In many ways, Daniel Ricciardo was one of the stars of the show at Circuit Paul Ricard, the Honey Badger delighting fans with a string of audacious overtaking attempts.
Unfortunately, two of those moves crossed the line – at least in the eyes of the stewards – and he was slapped with two five-second time penalties, which demoted him from seventh to 11th.
That was set to be his third consecutive points finish. Instead, he left empty handed. “I don’t care,” he said before the stewards handed out their verdict. “It’s better to have a fight and see what happens than to just sit behind and be a loser.” It’s easy to see why Ricciardo is so likeable and so good for F1.
Winners: The Gorillas!
The tricolore gorillas - and other animals - were back in force this year, the sculptures designed by French artist Richard Orlinski dotted around the circuit and even on the podium, adjacent to the three steps.
They formed the basis of the trophies, too. Art and a trophy – what more could you want? And you’ll certainly have no trouble picking those ones out in Lewis Hamilton and Mercedes’ bulging trophy cabinet.
Loser: Lando Norris
He may have described his French GP result as “arrggghh”, but the Lando Norris can take heart from what was a stellar all-round performance that earned him the Driver of the Day accolade.
Fifth in qualifying was impressive, Norris outpacing his team mate Sainz. He got done at the start by the Spaniard, but was a match for him on pace in the race until a hydraulics issue struck.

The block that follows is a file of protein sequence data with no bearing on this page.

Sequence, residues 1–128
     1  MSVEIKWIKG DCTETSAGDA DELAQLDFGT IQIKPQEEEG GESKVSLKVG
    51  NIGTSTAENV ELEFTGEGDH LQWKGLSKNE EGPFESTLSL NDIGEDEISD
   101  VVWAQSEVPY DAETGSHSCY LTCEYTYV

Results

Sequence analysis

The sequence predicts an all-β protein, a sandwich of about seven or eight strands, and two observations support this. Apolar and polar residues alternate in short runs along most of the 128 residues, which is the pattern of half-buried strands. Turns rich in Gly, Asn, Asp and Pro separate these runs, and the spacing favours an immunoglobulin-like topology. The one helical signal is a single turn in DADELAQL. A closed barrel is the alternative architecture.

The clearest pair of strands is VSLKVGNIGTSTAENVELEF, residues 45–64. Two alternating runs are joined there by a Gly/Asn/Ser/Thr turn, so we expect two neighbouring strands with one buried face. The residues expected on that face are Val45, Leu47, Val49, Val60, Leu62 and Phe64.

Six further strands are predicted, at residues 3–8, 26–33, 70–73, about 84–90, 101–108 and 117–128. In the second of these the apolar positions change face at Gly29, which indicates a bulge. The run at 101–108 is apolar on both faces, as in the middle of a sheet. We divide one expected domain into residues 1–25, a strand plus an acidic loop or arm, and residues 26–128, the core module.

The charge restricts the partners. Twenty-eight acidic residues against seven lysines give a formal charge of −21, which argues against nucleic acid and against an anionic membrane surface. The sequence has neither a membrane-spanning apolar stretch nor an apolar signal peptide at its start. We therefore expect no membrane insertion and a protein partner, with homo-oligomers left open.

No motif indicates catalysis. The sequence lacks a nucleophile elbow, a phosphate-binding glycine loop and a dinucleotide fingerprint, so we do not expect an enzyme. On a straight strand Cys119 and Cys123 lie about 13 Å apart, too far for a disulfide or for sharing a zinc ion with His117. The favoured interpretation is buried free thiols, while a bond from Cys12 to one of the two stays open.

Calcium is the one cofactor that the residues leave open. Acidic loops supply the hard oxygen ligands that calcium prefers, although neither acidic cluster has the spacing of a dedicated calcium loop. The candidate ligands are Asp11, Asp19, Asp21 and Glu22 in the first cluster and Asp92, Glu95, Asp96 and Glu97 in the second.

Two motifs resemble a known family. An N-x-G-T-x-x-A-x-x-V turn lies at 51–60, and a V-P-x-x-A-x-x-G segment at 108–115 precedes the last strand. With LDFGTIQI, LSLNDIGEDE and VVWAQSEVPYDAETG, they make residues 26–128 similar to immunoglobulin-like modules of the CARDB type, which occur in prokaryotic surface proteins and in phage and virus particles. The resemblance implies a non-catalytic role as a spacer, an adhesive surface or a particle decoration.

From there, he managed that problem brilliantly, but couldn’t quite fend off Ricciardo, who pushed him wide and down the order to 10th, which became ninth after the Australian’s penalty.
Not a great result on paper, but a standout performance that backs up the claim he’s a star of the future.
Winner: Carlos Sainz
It wasn’t the finest start to life at McLaren for Carlos Sainz, the opening three races proving to be testing – but since Azerbaijan, the Spaniard has been on another level and France was just another example of that.
Outpaced by team mate Lando Norris in qualifying, a smart strategy at the start put him ahead of the Briton. He even had a pop at Verstappen for fourth before settling into a rhythm. His pace proved McLaren had the fourth-best car on pure pace – a fine achievement.
Crossing the line sixth – for the second time in three races – and the last driver not to be lapped, he equalled the team’s best result of the season while strengthening his position in seventh – and best of the rest – in the drivers’ championship. Vamos!
Loser: Pierre Gasly
This was not the home race Pierre Gasly was hoping for. The Frenchman had showed glimpses in recent races that he was getting on top of Red Bull’s RB15 but he seemed to go backwards at Paul Ricard.
He was eight tenths of a second slower than team mate Max Verstappen in qualifying, despite running the soft to the Dutchman’s medium tyre. In the race, he lacked performance and crossed the line 11th, which became 10th and a point after Ricciardo’s penalty. Plenty of work to do for the Frenchman.
Winner: Kimi Raikkonen
Kimi Raikkonen has generally been in tremendous form this season, both on-track and off, though the last few races have proved challenging.
But the Finn was back on it in France, ending up seventh to end a three-race pointless streak.
The Finn even seemed to enjoy himself out there, describing the race afterwards as “fun”. Without him in the car, Alfa Romeo would be pointless and joint bottom of the table with Williams.
When your team boss says it is the “worst weekend” ever in F1, you know it’s bad. Haas, at times this year, have looked like the fourth-best team on paper – but at other times, they’ve looked like one of the worst.
Worryingly for the American outfit, they simply don’t know why their performance is fluctuating so much from race to race. Ninth out of 10 in the championship isn’t good enough, but at least they can take heart from the fact they are only three points shy of Racing outfit in ninth. They need to find solutions – and fast.